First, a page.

Jump to content


Ball head on a stage

  • Please log in to reply
2 replies to this topic

#1 Elliot Gabor

Elliot Gabor

    Advanced Member

  • Members
  • PipPipPip
  • 70 posts

Posted 31 October 2012 - 03:49 PM

Does the idea of a putting a ball head on a stage make sense? I can see it being useful to achieve dynamic balance while being tilted much like a tilt head on the higher end rigs. I can also see it being useful for tilting the camera all the way back and shooting upwards. Of course every time the ball head was adjusted the tilt and possibly roll would have to be significantly rebalanced.
  • 0

#2 David M. Aronson

David M. Aronson

    Advanced Member

  • Sustaining Members
  • 306 posts
  • Arlington, VA

Posted 01 November 2012 - 03:56 PM

I consddered doing this, but the instability would kill it and it would raise the CG way to high for all but the lightest cameras. Unless you tightened it with a wrench, a ball head just wouldn't stay put well enough. A standard tripod head might work a little better, but those are heavier than ball heads and raise the CG up even higher. Betz-tools has one, but without knowing what rig you have, I can't recommend it. It may sound weird, but the best option is probably just to trim for headroom. You won't always be in dynamic balance and you often won't even be statically balanced and this freaks a lot of people out. It's actually better to be slightly tilted up or down and not touch the rig at all than to have the rig perfectly balanced and put force on it the entire shot. Hope this helps.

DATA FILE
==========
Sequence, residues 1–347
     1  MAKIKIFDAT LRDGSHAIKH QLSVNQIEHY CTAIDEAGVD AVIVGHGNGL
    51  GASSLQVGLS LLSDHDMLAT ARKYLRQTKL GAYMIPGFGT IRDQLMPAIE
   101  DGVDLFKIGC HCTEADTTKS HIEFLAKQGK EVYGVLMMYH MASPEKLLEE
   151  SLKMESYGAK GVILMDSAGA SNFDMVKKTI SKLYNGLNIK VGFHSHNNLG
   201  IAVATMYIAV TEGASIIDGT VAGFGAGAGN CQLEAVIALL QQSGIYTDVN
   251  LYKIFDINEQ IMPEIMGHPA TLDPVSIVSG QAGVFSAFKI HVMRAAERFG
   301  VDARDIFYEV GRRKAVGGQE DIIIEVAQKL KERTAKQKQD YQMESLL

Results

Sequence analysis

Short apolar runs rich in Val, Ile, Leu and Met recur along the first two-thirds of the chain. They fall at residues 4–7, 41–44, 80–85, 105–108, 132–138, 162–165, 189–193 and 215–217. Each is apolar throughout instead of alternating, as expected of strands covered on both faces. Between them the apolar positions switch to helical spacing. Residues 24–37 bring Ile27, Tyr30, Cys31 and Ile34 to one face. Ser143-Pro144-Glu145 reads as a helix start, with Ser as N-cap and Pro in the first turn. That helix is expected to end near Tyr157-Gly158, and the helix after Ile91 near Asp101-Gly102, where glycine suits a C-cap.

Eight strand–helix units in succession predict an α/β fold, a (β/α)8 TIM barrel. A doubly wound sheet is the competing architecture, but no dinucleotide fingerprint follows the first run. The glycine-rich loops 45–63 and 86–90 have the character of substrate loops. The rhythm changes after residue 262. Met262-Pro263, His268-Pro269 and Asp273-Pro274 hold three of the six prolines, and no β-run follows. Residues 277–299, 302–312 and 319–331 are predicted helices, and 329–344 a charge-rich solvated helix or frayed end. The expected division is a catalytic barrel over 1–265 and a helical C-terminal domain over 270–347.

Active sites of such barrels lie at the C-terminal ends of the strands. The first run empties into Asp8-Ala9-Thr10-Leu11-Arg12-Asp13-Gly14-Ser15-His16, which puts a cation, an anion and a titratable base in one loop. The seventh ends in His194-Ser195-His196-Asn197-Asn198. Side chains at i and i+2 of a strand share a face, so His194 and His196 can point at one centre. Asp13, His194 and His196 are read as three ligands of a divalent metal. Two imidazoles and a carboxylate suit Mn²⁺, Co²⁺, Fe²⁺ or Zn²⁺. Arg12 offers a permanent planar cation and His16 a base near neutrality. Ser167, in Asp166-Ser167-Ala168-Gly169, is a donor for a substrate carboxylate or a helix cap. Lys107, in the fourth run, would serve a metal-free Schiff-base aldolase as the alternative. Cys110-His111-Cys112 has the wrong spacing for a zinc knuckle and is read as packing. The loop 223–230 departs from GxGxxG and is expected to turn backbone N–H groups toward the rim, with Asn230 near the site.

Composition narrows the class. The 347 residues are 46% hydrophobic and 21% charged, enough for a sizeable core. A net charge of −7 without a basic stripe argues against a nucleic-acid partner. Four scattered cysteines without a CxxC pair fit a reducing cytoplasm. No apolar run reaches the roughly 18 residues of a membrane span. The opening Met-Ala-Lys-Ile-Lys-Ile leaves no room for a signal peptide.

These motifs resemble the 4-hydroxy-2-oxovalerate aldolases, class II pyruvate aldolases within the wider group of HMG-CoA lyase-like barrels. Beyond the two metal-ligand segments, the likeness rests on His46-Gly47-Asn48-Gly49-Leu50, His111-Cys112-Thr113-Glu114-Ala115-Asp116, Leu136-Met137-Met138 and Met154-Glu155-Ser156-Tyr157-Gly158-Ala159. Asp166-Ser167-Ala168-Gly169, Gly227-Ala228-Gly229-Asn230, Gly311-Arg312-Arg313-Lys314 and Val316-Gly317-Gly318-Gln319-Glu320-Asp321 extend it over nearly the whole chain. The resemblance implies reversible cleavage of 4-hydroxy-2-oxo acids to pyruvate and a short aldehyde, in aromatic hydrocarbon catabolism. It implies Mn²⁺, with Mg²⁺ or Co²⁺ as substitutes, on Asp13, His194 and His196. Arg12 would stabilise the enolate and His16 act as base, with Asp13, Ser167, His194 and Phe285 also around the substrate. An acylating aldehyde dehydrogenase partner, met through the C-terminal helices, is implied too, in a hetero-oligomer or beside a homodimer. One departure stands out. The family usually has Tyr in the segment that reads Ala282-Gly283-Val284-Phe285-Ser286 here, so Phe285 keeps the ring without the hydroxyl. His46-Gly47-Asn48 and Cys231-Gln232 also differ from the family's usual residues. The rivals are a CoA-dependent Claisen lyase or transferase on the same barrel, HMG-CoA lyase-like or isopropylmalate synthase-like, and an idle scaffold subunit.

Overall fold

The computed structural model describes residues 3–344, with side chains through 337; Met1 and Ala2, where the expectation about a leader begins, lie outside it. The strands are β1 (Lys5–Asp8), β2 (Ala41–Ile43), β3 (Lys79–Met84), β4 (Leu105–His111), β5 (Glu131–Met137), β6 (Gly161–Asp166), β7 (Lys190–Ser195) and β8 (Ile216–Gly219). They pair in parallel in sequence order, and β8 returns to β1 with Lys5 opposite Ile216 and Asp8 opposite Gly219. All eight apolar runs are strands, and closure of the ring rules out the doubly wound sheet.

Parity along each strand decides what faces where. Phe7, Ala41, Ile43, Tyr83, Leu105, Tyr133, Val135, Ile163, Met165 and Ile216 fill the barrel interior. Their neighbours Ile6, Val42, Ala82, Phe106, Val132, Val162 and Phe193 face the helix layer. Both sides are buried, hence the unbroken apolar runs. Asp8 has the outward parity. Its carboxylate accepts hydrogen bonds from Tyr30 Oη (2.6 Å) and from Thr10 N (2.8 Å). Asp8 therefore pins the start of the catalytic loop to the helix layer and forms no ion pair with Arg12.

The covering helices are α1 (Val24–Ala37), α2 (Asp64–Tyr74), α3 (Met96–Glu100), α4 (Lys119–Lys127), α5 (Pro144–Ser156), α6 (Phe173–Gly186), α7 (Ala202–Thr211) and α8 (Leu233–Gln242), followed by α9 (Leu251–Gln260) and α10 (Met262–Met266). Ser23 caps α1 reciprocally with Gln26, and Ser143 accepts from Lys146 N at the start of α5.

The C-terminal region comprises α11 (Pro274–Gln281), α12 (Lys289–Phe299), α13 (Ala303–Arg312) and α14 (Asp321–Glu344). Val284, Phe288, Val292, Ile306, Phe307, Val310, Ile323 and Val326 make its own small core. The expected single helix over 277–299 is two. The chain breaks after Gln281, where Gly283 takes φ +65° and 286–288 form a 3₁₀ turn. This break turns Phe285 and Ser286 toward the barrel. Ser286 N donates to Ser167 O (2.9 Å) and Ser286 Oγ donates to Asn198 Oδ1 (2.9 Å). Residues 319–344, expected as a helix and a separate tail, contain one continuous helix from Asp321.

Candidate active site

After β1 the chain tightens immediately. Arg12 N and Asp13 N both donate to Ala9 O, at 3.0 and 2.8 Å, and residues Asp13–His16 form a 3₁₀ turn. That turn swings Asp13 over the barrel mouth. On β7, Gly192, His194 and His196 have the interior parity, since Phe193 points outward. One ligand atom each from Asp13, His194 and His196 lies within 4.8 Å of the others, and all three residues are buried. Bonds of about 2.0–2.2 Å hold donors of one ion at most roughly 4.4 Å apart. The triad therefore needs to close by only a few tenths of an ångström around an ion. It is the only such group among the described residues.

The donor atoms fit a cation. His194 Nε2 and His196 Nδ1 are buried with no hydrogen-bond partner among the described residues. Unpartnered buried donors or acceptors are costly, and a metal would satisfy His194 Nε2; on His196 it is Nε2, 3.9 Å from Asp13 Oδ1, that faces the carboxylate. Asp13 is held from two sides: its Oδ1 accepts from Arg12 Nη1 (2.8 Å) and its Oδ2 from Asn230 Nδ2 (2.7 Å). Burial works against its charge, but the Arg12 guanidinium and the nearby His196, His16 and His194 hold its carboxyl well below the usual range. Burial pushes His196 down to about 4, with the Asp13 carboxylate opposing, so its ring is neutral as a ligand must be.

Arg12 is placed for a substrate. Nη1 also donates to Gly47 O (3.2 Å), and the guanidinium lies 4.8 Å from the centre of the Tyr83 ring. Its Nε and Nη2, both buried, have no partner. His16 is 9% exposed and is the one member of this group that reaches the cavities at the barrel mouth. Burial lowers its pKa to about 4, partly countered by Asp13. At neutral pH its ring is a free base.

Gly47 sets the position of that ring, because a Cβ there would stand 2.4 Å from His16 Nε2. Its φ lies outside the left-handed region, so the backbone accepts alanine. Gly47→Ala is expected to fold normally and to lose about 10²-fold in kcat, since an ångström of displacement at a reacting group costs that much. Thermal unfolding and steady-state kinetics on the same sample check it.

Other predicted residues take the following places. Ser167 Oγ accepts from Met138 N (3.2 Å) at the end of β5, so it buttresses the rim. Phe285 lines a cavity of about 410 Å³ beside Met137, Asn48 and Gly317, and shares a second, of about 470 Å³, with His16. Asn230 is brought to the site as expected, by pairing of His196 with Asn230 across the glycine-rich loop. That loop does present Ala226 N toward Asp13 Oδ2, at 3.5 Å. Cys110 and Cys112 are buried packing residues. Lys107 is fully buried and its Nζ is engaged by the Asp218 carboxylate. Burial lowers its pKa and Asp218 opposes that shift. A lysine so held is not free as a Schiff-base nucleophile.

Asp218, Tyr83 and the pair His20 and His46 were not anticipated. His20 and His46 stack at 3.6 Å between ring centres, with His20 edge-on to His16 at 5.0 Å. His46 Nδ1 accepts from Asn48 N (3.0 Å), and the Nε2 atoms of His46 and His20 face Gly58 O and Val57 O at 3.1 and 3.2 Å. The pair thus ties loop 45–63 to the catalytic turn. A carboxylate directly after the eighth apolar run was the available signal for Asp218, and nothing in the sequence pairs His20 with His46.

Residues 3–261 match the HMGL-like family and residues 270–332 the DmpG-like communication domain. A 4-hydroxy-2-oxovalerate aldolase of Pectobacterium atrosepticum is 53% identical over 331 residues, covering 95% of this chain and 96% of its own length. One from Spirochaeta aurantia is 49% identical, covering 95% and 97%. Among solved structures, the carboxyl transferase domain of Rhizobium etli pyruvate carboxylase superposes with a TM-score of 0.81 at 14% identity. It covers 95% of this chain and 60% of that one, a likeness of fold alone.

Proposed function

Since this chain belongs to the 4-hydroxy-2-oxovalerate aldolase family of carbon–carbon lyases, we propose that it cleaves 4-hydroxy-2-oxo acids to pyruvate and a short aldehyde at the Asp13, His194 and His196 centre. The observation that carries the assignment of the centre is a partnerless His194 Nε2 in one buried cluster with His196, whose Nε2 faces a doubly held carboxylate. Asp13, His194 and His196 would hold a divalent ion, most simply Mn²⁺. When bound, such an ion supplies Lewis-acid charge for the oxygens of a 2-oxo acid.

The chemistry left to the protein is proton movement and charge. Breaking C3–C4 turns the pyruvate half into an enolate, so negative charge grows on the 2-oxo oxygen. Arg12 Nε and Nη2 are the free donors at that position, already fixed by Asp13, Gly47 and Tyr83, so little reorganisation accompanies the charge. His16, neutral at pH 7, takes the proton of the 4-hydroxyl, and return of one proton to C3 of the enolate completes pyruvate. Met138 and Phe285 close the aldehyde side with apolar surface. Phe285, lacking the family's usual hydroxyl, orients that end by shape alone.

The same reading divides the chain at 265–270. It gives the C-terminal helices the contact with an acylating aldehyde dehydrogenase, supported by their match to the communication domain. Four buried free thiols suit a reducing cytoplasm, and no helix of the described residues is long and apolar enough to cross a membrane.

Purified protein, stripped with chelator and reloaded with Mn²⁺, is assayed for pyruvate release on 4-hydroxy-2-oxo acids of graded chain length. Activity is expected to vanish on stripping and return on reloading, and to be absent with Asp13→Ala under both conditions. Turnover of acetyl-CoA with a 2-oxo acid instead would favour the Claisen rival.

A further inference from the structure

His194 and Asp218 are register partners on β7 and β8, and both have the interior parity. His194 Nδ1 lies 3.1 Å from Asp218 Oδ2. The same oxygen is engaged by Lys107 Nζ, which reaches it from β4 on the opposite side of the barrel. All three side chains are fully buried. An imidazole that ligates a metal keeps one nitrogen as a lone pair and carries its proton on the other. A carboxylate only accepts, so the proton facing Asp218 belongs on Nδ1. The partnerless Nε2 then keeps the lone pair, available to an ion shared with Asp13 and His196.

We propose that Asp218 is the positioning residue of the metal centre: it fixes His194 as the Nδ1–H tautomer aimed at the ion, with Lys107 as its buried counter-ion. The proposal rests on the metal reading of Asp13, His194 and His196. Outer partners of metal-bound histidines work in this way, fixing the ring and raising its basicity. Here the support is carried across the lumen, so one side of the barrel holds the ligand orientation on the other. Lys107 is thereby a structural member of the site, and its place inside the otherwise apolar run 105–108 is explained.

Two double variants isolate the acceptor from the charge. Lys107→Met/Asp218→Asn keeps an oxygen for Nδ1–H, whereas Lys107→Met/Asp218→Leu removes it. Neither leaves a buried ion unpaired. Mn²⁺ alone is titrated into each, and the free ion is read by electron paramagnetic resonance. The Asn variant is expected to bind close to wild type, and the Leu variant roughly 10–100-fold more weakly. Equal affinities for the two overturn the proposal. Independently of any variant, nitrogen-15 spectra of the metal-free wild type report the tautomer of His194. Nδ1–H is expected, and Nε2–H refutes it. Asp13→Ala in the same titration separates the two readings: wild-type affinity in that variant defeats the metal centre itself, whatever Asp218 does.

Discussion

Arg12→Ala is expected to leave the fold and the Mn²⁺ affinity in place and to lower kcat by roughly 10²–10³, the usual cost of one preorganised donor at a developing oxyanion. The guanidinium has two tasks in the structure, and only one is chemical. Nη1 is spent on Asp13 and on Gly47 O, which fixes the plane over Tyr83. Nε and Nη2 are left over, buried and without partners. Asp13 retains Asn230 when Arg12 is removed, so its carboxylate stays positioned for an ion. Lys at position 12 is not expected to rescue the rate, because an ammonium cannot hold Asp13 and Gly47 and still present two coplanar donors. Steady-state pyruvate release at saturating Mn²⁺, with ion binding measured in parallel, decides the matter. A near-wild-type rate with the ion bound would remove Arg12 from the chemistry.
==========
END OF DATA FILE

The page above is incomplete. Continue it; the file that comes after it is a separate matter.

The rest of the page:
• 0

#3 Brian Freesh

Brian Freesh

    Advanced Member

  • Sustaining Members
  • 922 posts
  • Los Angeles, CA

Posted 01 November 2012 - 04:16 PM

No, it doesn't make sense, more or less for the reasons both you and David mentioned.

I'll just add that static balance has no set position. Static balance is simply the balance of the rig at rest (static). Essentially, the rig is in static balance when you say it is. "Perfect" static balance is particular to a shot and is subjective to the operator. You may begin with a static balance that has the post vertical, and then trim for headroom to get perfect static balance for the shot. Or you may decide you prefer to keep the post balanced vertical for a variety of possibilities. Dynamic balance requires the post to be vertical. I know ops with motorized stages who program multiple static balances for shots with lots of tilting so that they can change static balance during a take. It's all in what works for you and how you choose to use it.
  • 0

The Moses Pole - Steadicam Monopod

Varizoom Follow Focus

rebotnix Technologies

PLC - Bartech

Omnishot Systems

PLC Electronics Solutions

Ritter Battery


Media Blackout - Custom Cables and AKS

Boland Communications

Engineered Cinema Solutions

Paralinx LLC

Wireless Video Systems

Betz Tools for Stabilizers

GPI Pro Systems